(CNN) -- Researchers believe the number of children who have an autism spectrum disorder (ASD) is much higher than previously believed, according to a new study published Monday in the American Journal of Psychiatry.
By looking at a total population sample in South Korea, the study authors estimate that 1 in 38 children in the country -- or 2.64% -- has some form of autism. The approach is a new one. Previously, researchers have examined only children known to have the neurological disorder or at high risk of developing it.
The study authors predicted that if similar studies were conducted in other countries, the prevalance estimates would also go up.
The research also led the study authors to believe that more girls than previously thought fall under the autism umbrella.
In the United States, the most recent estimates from the Centers for Disease Control and Prevention (CDC) for autism prevalence are about 1% or 1 in 110 children, based on population studies in a select number of areas around the country.
In this new study, researchers looked at all 55,000 school children in a large metropolitan community of Seoul, which they say is representative not only of South Korea, but also many other developed nations.
According to the study, researchers began with 55,266 7- to 12-year-old students. Parents and teachers were asked to fill out an autism screening questionnaire. Parents of 23,234 of the children in the regular school system responded. All 294 children already enrolled in special education or on the disability registry were considered to have tested positive for an autism spectrum disorder.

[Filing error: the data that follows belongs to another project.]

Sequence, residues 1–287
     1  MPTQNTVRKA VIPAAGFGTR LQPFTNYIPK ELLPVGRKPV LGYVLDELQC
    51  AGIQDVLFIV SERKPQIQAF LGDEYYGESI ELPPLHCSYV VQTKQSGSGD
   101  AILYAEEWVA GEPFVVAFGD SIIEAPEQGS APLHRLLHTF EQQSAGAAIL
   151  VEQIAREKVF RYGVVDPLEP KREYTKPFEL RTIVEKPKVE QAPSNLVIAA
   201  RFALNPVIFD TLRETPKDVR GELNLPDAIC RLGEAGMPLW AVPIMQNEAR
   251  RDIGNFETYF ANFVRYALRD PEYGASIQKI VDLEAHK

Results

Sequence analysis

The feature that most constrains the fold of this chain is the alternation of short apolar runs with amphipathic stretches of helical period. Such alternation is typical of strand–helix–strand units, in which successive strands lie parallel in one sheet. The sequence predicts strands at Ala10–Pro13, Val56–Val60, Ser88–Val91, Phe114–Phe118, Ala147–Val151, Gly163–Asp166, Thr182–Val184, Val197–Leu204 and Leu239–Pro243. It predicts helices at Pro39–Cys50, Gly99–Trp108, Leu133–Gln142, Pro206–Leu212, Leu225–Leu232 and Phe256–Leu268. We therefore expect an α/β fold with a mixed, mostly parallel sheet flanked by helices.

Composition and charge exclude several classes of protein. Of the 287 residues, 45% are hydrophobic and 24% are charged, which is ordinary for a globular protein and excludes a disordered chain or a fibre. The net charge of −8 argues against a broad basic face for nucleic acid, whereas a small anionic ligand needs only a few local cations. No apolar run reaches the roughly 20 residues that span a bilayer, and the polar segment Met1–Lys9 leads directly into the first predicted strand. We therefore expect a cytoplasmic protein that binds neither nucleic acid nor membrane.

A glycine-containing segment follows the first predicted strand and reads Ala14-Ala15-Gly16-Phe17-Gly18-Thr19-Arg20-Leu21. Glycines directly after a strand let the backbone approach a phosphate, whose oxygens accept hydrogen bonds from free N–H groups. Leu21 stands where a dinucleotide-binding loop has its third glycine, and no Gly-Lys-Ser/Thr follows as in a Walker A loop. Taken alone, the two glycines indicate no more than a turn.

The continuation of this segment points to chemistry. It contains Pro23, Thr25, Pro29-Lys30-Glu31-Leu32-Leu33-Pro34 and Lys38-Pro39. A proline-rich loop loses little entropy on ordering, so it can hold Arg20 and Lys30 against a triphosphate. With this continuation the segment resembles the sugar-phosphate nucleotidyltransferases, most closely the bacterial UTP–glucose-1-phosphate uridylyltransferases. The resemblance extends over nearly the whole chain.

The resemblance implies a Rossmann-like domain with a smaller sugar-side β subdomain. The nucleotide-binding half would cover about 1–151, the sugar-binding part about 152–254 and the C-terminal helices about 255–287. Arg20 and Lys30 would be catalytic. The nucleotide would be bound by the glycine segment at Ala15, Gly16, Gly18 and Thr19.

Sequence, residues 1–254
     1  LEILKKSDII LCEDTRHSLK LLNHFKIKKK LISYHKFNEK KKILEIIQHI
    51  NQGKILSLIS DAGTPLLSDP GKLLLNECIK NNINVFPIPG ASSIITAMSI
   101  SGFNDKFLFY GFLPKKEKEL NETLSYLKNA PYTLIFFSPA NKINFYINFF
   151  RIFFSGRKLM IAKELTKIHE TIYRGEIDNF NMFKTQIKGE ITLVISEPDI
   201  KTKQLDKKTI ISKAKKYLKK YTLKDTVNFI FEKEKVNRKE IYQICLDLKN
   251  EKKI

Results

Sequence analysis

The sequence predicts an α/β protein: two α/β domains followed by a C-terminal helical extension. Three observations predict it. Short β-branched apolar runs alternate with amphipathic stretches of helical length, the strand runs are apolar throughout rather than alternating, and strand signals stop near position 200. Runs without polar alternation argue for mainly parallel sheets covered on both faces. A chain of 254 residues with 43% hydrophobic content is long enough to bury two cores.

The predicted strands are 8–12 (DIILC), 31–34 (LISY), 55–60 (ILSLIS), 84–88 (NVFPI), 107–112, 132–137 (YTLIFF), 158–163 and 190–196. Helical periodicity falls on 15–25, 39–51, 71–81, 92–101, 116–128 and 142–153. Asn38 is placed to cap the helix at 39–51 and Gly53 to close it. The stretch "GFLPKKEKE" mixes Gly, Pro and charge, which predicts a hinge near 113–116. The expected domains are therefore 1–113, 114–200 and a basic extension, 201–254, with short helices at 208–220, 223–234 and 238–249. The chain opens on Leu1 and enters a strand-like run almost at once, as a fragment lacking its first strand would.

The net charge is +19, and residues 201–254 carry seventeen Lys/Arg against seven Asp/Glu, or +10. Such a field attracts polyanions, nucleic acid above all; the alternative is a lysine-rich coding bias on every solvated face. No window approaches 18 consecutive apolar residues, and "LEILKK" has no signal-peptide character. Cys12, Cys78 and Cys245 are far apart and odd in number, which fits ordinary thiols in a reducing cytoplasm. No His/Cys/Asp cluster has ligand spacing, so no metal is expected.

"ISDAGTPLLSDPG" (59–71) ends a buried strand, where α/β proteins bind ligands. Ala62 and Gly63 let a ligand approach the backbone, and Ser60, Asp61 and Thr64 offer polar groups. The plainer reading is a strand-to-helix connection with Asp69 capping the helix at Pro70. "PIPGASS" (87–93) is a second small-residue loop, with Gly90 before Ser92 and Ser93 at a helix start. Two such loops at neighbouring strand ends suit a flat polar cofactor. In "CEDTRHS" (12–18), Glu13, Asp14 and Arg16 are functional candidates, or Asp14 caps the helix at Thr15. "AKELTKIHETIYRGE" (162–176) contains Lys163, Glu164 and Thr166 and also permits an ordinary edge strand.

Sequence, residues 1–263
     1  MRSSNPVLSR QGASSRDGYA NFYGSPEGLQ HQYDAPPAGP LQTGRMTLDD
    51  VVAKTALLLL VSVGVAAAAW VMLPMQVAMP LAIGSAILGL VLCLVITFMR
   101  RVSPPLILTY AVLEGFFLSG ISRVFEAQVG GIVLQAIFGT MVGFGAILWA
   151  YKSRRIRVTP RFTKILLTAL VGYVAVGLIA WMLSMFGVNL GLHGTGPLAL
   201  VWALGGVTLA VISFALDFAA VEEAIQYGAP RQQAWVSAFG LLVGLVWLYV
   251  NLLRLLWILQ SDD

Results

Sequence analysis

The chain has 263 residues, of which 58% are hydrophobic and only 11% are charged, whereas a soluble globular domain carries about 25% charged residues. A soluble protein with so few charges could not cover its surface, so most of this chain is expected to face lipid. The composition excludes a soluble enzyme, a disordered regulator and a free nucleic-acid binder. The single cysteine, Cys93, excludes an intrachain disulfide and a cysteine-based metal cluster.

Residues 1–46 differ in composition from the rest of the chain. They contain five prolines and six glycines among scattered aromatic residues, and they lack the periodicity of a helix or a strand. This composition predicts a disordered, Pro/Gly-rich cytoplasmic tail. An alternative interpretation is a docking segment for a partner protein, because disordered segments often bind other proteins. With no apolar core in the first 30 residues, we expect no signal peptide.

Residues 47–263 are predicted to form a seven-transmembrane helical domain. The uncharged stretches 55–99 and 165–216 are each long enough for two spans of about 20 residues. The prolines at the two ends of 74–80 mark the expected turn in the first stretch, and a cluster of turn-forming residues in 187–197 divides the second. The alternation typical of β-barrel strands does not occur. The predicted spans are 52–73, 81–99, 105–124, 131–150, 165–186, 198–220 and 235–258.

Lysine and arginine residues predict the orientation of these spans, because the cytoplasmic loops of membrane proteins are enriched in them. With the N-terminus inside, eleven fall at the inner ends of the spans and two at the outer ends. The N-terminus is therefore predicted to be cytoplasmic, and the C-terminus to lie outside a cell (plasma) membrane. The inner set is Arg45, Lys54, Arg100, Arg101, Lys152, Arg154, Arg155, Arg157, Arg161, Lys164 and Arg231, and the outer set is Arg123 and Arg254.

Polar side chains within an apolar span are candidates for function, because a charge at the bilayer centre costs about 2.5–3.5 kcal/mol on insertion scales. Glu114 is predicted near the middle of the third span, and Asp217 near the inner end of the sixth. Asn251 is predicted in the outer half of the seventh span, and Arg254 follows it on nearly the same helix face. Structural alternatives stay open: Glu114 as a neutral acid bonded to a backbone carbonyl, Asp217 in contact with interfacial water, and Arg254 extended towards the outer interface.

From the initial assessments, 1,214 students screened positive for some form of autism. Only 286 went on to get a full clinical evaluation, of which 201 were diagnosed with some form of autism. Using mathematical algorithms, researchers estimate 1 in 38 children in South Korea have an autism spectrum disorder.
"Are we surprised? Yes," said Dr. Young Shin Kim, lead author of the study and assistant professor at the Child Study Center at the Yale School of Medicine. Kim said the prevalence estimates in the study, which happened to take place in South Korea, are higher than previous estimates elsewhere, including but not exclusively the United States.
Kim said she believes if more studies like this are done in other countries, they, too, will find an autism rate of 2-3%, while acknowledging that more research needs to be done to validate the study results.
The study doesn't mean that suddenly many more children have autism, Kim said. Instead, she suggests "they have been there all along but they were not counted in previous prevalence studies," and that "two-thirds are in the community unrecognized and untreated."
Roy Richard Grinker, a cultural anthropologist at George Washington University and one of the co-authors of the study, said he thinks the study's estimates are "surprising" but he doesn't think they are alarming. What these estimates tell us, he said, is that "autism is more common than we think it is."
Grinker said he would compare the situation in South Korea to where the United States was 20 years ago, as far as autism awareness goes. He said when the study began in 2005, South Koreans believed that autism was rare in their country. He cited one South Korean official who he said estimated the prevalence of autism to be about 1 in 100,000.
At that same time, the CDC estimated autism prevalence to be about 1 in 150 children and Australian researchers believed it to be around 1 in 160 children.
Since then, new research has led to a 1 in 110 prevalence estimate.